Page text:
When it comes to power ratings, manufacturers have many different ways of saying the same thing, making it confusing for consumers. You’ll need to know what to look for when you’re shopping around. One thing you should know is that your car battery and alternator are responsible for generating the voltage and current that power your amp. But voltage is not regulated equally from car to car and may vary from engine idle to that of a higher RPM. More voltage typically equals more amp power (with the exception of amplifiers using tightly regulated power supplies). This is very important since most manufacturers rate their product at 14.4, 13.8 or 12.5 volts. Respectively, an amplifier (those using unregulated or loosely regulated power supplies) rated 50 watts x 2 at 14.4 volts may see a decrease in power output by as much as 15 percent when powered with 12.5 volts. In retrospect, a 50-watt x 2 amplifier rated at 12.5 volts may see up to a 15 percent increase in power at 14.4 volts. That, my friends, could be the difference of up to 30 watts between two 50-watt x 2 amps. It is important to know that you are comparing apples to apples since there is no governing body verifying the product specifications in car audio. While this may be problematic with certain brands, there is a way to confirm some products’ specifications. The CEA (Consumer Electronics Association) developed the CEA-2006 specification guidelines that confirm specifications. Mobile electronics carrying the label must remain true to the published specifications taken at 14.4 volts (just look for the CEA-2006 label). More information on participating manufacturers can be had at www.ce.org. However, when in doubt, ask your installer.

Some amps state “RMS” power while others utilize “continuous average” power. These monikers can be construed as the same, leaving amplifiers using this verbiage open for comparison. An amp that’s 50 watts RMS x 2 into 4 ohms (we’ll discuss ohms in a second) can effectively deliver 50 watts x 2 at the onset of or below a clipped output level (clipping is when a sine wave turns into a square wave otherwise noted as distortion). In contrast, “maximum” or “peak” power ratings are marketing terms that typically use figures relating to at least double the RMS power and are generally not practical for comparing amps (and in some cases should be followed by the clause “when lightning strikes”). An amp rated at 50 watts x 2 maximum into 4 ohms more times than not is equivalent to an amp that’s 25 watts RMS x 2 into 4 ohms.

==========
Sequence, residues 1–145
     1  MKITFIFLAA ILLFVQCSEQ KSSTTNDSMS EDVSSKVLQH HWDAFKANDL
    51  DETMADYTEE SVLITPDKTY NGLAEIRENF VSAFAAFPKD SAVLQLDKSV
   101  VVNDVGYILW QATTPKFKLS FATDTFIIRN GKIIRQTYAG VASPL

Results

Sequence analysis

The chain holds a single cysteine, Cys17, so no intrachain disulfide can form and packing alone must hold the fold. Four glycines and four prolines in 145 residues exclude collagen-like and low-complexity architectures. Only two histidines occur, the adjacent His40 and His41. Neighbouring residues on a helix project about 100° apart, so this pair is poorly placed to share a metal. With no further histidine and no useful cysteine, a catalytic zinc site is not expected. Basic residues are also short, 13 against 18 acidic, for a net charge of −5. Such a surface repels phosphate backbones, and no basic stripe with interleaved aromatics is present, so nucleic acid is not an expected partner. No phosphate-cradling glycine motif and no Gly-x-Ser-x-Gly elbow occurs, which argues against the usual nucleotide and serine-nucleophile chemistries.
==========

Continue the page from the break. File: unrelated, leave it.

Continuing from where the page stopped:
Other amps offer “total” power ratings, such as 100 watts total RMS power. This is another tactical marketing maneuver manufacturers use that essentially is the sum of all the channels of the amplifier. In the case of my example, this could relate to an amp that is 50 watts x 2 or 25 watts x 4 into 4 ohms.

Now, back to the issue of “ohms.” Amp ratings are typically given at 4 ohms. Ohms refer to impedance or electrical resistance. Every speaker has an internal resistance due to the wire on the voice coil and additional components such as those of a crossover. Heck, even speaker wire has resistance—but let’s not get sidetracked. The majority of car speakers are 4 ohms, so that’s why amplifier manufacturers generally rate them as such. Often there will be other impedance ratings such as 2 ohm and sometimes 1 or 0.5 ohm depending on the amplifier. Again, power ratings and specs come in many different and often misleading forms, so don’t be fooled. Make sure you’re comparing apples to apples.


12" Differential Drive® Design Subwoofer.

Features of the JBL W12 GTI include:

  • Cast aluminum heat-sink cooled magnet system - for an extreme power handling
  • Differential Drive System - consisting of dual-edgewound voice-coil and dual-gap technology for a doubling of Power Handling, Sensitivity and an "electrical brake" to control cone motion at extreme excursions
  • more than +/- 20mm linear cone excursion - provides extremely high sound pressure levels
  • Symmetrical-Field-Geometry (SFG) - reduces distortions to minimum at any level
  • Aquaplas coated cone - for exceptionally stable performance even at extreme levels
  • Butyl rubber surround - for better sound quality and long durability
  • Two separate gold plated screw/plug terminals - provide long lasting electrical connections